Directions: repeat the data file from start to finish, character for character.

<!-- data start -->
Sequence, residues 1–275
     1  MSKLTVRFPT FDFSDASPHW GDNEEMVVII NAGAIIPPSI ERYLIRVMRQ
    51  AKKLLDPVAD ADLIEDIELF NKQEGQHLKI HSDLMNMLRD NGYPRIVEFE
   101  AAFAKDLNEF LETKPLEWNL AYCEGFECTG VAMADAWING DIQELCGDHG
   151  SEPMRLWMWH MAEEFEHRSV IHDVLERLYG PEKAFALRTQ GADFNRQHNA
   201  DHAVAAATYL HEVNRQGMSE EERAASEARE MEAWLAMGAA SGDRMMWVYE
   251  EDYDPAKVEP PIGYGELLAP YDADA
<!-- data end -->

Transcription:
Sequence, residues 1–275
     1  MSKLTVRFPT FDFSDASPHW GDNEEMVVII NAGAIIPPSI ERYLIRVMRQ
    51  AKKLLDPVAD ADLIEDIELF NKQEGQHLKI HSDLMNMLRD NGYPRIVEFE
   101  AAFAKDLNEF LETKPLEWNL AYCEGFECTG VAMADAWING DIQELCGDHG
   151  SEPMRLWMWH MAEEFEHRSV IHDVLERLYG PEKAFALRTQ GADFNRQHNA
   201  DHAVAAATYL HEVNRQGMSE EERAASEARE MEAWLAMGAA SGDRMMWVYE
   251  EDYDPAKVEP PIGYGELLAP YDADA